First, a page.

Negotiations did not move fast. Management’s lawyer did everything in his power to obstruct the union. Once, management even rejected proposed language—about disability benefits—that the union’s bargaining team had downloaded from the college’s own website.



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The administration’s evident fear that a good contract would inspire other employees to unionize hung over the table like a noxious cloud.

“They said they didn’t want us to be different from anybody else,” said Morano. “Meanwhile, we’re the ones who are there when the school is closed. We take our lives in our hands when we gotta get there in the snowstorms.”

Nine months into the talks, a worker on the bargaining committee was fired for a prank that would never have led to a dismissal had the contract been in force and a grievance procedure in place.


In December, 11 months in, the union held its first on-campus demonstration, a silent vigil outside the building where midyear commencement exercises were taking place. About 40 people were there: maintenance workers, student supporters from Sarah Lawrence Worker Justice, and off-campus members of Local 30.

That paved the way for a noisy rally in February, when Local 30 brought a giant inflatable rat to campus. The headcount was close to 100, including many Local 30 members and a contingent from the Yonkers local of the Firefighters union.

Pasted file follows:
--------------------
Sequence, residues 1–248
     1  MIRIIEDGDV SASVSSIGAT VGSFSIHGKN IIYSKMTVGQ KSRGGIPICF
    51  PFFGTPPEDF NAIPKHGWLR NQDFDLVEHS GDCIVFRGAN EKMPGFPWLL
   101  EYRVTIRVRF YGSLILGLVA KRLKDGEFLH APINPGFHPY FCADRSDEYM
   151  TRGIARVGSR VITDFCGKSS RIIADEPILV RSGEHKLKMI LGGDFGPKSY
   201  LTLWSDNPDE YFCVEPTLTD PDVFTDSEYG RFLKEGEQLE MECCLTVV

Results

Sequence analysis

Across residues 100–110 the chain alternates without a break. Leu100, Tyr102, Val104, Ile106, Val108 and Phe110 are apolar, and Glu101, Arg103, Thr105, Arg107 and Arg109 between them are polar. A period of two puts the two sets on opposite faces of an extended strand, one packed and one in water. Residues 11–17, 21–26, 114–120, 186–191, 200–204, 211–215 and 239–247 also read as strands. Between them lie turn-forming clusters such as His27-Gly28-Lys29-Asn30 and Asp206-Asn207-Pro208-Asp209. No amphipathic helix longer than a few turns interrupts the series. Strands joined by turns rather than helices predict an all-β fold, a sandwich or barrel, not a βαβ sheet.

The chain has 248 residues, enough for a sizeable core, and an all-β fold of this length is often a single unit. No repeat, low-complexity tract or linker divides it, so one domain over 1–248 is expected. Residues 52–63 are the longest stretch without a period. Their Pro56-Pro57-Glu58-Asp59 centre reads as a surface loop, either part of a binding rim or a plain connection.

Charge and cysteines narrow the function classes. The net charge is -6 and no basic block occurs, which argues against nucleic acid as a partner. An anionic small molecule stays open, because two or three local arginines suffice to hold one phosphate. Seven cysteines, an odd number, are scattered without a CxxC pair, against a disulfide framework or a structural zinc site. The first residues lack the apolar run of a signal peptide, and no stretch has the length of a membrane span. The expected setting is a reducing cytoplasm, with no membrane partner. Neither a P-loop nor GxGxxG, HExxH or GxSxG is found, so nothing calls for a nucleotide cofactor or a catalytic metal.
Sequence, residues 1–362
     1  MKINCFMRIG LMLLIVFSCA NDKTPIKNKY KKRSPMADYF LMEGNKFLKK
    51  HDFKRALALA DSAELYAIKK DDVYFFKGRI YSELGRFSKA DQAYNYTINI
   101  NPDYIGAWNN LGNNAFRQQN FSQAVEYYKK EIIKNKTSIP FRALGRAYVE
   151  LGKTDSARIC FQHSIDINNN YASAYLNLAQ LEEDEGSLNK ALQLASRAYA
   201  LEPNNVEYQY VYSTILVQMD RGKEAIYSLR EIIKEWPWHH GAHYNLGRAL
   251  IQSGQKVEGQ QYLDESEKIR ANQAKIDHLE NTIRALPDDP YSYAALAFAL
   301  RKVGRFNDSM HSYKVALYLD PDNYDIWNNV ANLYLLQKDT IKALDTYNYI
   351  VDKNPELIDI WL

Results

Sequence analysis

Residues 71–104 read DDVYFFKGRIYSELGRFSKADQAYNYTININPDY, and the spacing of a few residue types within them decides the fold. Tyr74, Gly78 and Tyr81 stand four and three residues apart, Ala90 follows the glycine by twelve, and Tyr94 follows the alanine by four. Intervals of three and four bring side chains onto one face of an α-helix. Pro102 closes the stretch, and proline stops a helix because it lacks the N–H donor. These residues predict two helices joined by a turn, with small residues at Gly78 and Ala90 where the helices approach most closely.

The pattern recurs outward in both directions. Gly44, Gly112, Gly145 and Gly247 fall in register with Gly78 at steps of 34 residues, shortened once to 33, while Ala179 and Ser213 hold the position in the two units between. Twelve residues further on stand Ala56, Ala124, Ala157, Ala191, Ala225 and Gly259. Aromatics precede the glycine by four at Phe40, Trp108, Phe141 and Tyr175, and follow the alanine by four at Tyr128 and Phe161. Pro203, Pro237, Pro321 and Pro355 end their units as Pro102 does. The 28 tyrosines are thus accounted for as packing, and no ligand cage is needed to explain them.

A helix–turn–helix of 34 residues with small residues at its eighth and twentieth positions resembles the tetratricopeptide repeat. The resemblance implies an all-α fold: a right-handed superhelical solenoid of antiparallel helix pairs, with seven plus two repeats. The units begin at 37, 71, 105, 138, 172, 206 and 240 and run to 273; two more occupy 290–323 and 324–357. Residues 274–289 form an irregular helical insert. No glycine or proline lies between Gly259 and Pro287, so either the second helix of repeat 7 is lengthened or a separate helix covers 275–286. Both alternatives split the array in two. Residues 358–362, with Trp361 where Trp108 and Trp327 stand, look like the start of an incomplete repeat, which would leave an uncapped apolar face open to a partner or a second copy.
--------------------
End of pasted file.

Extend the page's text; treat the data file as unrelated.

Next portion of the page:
In April, management made its “last, best, and final offer.” The college proposed small raises, but refused to budge on benefits.

The union retorted by scheduling protests on the two Admitted Students Days, when the college hosts applicants it has admitted and entices them to enroll.

This was a “nuclear option,” one bargaining committee member explains, since it threatened to disrupt the college’s income. Fifty white-collar employees signed an online petition calling on the maintenance workers not to go through with the protests.

But the workers held firm, encouraged by other white-collar employees and especially by Local 30. The inflatable rat returned. Off-campus members turned out both days.


It was against this backdrop that student activists—some of them newly inspired at the Labor Notes Conference—laid their plans to occupy the president’s office.

The occupation didn’t last long, but it changed the game. Supporters rallied at noon on May 2, including students, faculty, Local 30 members, and a contingent of Verizon strikers.

Students and workers marched into the administration building, where they chanted and prevented the president from getting into her office. Then the students sat down in the hallways, where they later spent the night.

“They took such a big risk,” Haddad said. “They could’ve been kicked out of school and lost their housing.” Workers showed appreciation on their breaks by delivering pizza, donuts, and coffee.

“Occupying the president’s office for 55 hours was ultimately the thing that moved the ball,” Broege said.

Within two days, the president and her senior advisers had agreed to call in a mediator and resume negotiations, which satisfied the occupiers and ensured that the upcoming commencement ceremonies would be free of protests.

Local 30 welcomed the student activists to its next monthly meeting, where they received a standing ovation. The students applauded the maintenance workers in return. And as other campus employees learn what was won, student activists and union members may well find new organizing drives to support.

Priscilla Murolo teaches history at Sarah Lawrence, where she has been a faculty member since 1988. She was the faculty representative on IUOE Local 30’s bargaining committee and maintained a blog throughout negotiations. She’s coauthor of From the Folks Who Brought You the Weekend: A Short, Illustrated History of Labor in the United States.

Dan DiMaggio is the assistant editor of Labor Notes.